One night he discovered that Wellington, the dog next door, was dead with a garden fork sticking out of its body. Since then he decided to investigate on “the murder”, even though to do that he had to cope with the things that were out of his comfort zone. For example, being a “detective”, he had to interact with strangers, and go to new places, these are things that he wouldn’t do under normal circumstances. And even though his father didn’t approve, he kept doing his detective work and wrote everything he’d found in a book, the very book I was reading, The Curious Incident of the Dog in the Night-time.
This book is so unique because it enables readers to see the world through the eyes of a boy who suffers from Asperger’s syndrome. According to Wikipedia, Asperger’s syndrome is is an autism spectrum disorder (ASD) that is characterized by significant difficulties in social interaction, alongside restricted and repetitive patterns of behavior and interests. It differs from other autism spectrum disorders by its relative preservation of linguistic and cognitive development. People with Asperger’s syndrome often display intense interests; in Christopher’s case he was interested in mathematics and science. His profound interest in math was reflected upon his choice to use only prime numbers for the chapters in his book. Therefore, there isn’t Chapter 1 in this book, but Chapter 2, 3, 5, 7, 11, 13, and so on. Here’s what Christopher said about prime numbers:
Prime numbers are what is left when you have taken all the patterns away. I think prime numbers are like life. They are very logical but you could never work out the rules, even if you spent all your time thinking about them. - p. 12
What an amazing work the author, Mark Haddon, did in this book. While diving into the head of a mathematically genius boy with Asperger’s syndrome, the author provided readers with details as comprehensive as possible. For example, when Christopher was asked by the policeman to empty his pockets, he described every little thing he had in his pockets. Christopher drew the map of a zoo he and his father went to from memory. And the author described what Christopher do to make himself feel calm, which is do math equations and doubling 2’s in his head (he could do that until 245). And he could quickly give answer to 251 times 864 which is 216,864, because “it was a really easy sum because you just multiply 864 x 1,000, which is 864,000. Then you divide it by 4, which is 216,000, and that’s 250 x 864. Then you just add another 864 onto it to get 251 x 864. And that’s 216,864.”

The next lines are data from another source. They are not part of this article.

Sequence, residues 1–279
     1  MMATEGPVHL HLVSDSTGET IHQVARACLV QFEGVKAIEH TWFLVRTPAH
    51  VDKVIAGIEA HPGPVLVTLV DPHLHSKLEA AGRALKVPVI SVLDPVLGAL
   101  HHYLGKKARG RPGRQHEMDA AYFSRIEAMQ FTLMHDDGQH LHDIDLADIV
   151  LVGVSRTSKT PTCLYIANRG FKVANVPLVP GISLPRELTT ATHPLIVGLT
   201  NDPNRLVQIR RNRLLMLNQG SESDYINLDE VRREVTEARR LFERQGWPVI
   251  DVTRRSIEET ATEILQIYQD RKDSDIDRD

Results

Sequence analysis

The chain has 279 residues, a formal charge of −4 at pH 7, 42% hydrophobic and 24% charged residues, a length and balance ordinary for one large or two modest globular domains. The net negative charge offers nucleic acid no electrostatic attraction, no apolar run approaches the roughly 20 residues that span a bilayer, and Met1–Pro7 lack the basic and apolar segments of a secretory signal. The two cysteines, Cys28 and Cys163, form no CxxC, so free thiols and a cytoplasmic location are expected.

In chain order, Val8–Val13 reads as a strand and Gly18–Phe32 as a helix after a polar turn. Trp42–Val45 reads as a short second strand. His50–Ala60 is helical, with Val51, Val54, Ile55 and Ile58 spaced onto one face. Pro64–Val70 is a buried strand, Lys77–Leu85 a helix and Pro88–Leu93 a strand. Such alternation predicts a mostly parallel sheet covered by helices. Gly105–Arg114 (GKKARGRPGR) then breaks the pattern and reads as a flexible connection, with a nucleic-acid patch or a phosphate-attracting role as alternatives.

Also, his relationship with his father is an important point in the book. We can learn that special kids like Christopher tends to need time to regain trust to his closed ones (in this case his father) if that person has done something wrong towards him. We can learn that being a parent of a child who has special needs requires not only love but never-ceasing stock of patience. One final note to wrap this review: people with Asperger’s syndrome are special, but they’re still human beings. To love them and interact with them you have to know what’s going on inside their heads. And Mark Haddon had done amazing job in telling us what’s going on inside their heads.